Poet: Edna St. Vincent Millay
Poem: First Fig
Comment 10 of 10, added on March 11th, 2011 at 12:47 AM.
There is perhaps another perspective worth considering. Is this poem truly intended to be a celebration of a life that burns brightly for friend and foe to see; albeit moving much too quickly toward an end. Or Perhaps, it may that she is revealing her angst concerning the brevity of life and the impending darkenss of the unknown (death). A darkness that would appear even darker when the brighter light of a candle burning at both ends has been spent. In her day, when you retired for the night and blew out the candle, you were enveloped by the darkness of your room, a disquieting moment prior to falling away into sleep. Most poets, e.g. Frost, Sanburg, etc. place as much emphasis on the brevity and ending of life as they do the living of life. I feel a certain degree of angst, when reading this poem and that may be its intent; her actual purpose in penning it!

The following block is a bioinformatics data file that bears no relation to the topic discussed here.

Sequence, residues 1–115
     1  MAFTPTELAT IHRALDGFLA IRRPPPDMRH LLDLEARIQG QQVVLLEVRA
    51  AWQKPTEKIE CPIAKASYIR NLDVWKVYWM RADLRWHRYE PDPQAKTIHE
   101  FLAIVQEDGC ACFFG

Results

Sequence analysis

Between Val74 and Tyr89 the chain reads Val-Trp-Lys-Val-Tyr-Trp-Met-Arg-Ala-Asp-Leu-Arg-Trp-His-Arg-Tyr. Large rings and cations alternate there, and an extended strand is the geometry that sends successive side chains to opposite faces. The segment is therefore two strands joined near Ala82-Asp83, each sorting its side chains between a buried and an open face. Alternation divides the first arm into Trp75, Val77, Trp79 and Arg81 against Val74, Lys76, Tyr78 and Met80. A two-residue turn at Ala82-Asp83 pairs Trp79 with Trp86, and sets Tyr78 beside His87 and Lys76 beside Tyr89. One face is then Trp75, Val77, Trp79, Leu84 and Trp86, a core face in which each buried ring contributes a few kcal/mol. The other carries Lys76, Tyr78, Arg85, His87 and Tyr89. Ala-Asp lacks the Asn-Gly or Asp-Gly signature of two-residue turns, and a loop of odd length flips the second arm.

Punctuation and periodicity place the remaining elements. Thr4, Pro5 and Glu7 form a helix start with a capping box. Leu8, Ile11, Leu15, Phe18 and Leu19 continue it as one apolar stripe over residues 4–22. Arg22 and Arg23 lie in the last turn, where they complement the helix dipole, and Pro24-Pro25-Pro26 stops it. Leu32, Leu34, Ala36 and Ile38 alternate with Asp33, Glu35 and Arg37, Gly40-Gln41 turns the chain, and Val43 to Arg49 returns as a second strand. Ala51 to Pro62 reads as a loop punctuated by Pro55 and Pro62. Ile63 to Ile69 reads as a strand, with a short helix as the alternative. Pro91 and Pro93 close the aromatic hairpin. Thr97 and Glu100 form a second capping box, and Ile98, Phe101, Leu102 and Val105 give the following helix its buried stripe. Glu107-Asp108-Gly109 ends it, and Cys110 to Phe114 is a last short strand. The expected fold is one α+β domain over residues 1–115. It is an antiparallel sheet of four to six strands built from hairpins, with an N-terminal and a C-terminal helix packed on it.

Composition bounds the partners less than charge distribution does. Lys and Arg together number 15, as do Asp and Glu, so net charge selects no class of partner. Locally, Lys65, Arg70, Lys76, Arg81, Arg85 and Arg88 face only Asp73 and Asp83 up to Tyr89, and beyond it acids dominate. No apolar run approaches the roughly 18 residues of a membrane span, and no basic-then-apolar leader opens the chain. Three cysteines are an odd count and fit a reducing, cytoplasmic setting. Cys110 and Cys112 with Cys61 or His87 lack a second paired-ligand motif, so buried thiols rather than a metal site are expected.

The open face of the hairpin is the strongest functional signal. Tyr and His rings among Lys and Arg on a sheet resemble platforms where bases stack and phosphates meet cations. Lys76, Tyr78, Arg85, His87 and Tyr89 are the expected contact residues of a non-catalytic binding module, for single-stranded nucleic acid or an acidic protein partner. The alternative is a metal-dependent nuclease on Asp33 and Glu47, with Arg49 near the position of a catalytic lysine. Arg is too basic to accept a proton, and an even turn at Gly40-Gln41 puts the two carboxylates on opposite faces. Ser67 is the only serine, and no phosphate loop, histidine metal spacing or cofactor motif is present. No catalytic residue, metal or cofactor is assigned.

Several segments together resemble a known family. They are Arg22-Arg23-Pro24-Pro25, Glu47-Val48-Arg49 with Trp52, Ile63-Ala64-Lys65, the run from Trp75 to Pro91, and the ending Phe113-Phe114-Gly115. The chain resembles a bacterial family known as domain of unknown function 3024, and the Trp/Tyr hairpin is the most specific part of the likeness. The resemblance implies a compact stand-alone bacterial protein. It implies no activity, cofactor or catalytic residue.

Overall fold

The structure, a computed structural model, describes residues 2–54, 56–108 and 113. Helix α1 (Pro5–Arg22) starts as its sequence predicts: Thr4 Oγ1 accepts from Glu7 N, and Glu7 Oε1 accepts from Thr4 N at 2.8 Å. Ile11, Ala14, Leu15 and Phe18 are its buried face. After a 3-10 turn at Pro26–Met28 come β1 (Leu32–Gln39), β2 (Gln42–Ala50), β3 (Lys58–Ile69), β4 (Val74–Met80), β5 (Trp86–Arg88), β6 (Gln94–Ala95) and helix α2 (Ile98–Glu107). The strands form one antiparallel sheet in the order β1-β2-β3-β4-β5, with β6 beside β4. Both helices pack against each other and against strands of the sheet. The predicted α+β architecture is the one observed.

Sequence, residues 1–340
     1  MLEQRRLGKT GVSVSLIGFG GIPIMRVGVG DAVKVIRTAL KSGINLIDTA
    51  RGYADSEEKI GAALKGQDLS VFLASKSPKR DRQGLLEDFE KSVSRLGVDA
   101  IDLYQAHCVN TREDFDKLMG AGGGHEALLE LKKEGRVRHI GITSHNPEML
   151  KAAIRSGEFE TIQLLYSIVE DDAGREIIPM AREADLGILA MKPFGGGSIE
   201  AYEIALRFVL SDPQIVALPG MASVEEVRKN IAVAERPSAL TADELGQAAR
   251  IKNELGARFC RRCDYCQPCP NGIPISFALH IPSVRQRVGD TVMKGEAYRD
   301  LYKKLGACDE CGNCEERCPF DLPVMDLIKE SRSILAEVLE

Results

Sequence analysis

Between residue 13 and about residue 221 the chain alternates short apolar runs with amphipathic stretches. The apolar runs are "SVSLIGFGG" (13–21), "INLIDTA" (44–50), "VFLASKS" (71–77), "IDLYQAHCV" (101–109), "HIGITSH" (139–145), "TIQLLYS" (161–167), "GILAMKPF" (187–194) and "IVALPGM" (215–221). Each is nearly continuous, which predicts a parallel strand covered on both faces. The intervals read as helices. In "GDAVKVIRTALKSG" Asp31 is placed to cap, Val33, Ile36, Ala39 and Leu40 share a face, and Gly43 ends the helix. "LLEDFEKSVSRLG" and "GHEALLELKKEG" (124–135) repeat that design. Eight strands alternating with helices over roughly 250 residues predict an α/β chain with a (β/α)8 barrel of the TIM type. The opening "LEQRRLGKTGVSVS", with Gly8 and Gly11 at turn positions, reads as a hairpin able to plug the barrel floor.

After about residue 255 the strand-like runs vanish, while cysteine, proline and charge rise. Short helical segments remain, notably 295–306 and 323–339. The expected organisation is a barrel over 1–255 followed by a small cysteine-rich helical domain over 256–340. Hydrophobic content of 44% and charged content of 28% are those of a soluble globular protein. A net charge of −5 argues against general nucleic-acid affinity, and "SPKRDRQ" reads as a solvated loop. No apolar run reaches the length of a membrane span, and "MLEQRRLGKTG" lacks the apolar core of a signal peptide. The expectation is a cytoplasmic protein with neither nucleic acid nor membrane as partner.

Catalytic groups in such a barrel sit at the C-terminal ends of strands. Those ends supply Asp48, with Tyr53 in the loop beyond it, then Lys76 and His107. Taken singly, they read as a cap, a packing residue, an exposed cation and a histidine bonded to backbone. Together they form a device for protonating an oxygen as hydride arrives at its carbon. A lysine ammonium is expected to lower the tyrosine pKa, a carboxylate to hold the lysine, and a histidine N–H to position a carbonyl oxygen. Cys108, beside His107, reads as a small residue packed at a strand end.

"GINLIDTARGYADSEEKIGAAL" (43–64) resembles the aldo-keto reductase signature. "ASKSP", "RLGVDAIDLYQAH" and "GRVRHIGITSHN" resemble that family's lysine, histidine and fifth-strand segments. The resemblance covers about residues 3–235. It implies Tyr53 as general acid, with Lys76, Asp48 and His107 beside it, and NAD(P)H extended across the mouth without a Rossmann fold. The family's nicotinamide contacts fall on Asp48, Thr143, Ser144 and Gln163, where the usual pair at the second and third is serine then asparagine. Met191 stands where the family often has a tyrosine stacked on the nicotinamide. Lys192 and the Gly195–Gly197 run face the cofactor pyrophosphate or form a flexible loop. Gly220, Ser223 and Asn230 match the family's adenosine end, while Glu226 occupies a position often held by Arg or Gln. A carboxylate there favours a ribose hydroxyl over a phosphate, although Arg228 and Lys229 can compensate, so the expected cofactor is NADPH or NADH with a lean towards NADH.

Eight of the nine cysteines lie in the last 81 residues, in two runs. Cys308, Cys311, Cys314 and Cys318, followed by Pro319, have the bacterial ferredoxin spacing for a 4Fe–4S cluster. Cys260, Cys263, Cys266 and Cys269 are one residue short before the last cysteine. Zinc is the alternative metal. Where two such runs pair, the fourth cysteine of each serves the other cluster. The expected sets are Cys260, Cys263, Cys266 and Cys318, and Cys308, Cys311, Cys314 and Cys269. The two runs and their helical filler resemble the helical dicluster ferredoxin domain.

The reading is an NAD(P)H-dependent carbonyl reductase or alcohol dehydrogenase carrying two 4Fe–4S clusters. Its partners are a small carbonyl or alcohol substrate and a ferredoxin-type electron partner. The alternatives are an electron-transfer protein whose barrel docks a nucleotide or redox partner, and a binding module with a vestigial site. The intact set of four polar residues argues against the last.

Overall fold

from United States
Comment 9 of 10, added on September 28th, 2010 at 5:16 PM.
"My candle burns at both ends..."
Well, Ms. St. Vincent Millay may not have written the first line as "I burn my candle at both ends...," but she should have, since with that wording it scans perfectly in iambic tetrameter, whereas the wording she chose does not scan at all, though the addition of one word, "its," as in "My candle burns at both its ends..." would have corrected the flaw in poetics, and would have made the entire poem formally consistent: a line of iambic tetrameter, a line of iambic trimeter, another line of iambic tetrameter, and a final line of iambic trimeter. Neat, symmetrical and, to my ear, esthetically pleasing.
from United States
Comment 8 of 10, added on May 26th, 2006 at 8:04 AM.
My Mother always told me that this was my father's favorite poem and he lived his life just this way. A tea planter in Darjeeling for 20 years until partition, he died young at 45. I choose to subscribe to the philosophy I see expressed in this marvelous poem too.
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